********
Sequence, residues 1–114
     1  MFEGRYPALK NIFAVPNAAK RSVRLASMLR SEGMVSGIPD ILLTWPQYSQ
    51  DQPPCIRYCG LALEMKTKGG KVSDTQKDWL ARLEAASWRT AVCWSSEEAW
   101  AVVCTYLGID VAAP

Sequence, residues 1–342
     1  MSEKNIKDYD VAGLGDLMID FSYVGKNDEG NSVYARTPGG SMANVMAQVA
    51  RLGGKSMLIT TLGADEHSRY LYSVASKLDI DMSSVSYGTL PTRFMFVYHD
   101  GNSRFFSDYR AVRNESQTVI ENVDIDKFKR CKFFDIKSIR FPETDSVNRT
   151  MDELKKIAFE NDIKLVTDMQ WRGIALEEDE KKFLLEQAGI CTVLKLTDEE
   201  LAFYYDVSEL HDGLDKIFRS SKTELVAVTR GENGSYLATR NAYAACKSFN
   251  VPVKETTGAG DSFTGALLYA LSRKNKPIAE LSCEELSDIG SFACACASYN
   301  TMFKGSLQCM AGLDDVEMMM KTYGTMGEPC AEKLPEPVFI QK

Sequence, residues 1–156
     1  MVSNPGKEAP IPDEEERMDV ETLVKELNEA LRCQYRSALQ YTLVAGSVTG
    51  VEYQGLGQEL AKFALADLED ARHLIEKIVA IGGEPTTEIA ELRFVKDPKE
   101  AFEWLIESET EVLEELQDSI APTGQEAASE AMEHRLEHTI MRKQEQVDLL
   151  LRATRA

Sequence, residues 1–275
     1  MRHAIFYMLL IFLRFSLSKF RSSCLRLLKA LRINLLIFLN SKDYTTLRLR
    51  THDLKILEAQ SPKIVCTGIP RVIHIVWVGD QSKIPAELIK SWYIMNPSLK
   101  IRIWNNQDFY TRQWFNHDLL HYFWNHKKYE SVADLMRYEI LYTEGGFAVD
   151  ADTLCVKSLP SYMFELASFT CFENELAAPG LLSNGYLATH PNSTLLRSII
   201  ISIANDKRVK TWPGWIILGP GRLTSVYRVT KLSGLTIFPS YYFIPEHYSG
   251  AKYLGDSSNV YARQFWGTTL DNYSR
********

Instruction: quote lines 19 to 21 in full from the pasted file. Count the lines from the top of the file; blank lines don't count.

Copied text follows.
     1  MRHAIFYMLL IFLRFSLSKF RSSCLRLLKA LRINLLIFLN SKDYTTLRLR
    51  THDLKILEAQ SPKIVCTGIP RVIHIVWVGD QSKIPAELIK SWYIMNPSLK
   101  IRIWNNQDFY TRQWFNHDLL HYFWNHKKYE SVADLMRYEI LYTEGGFAVD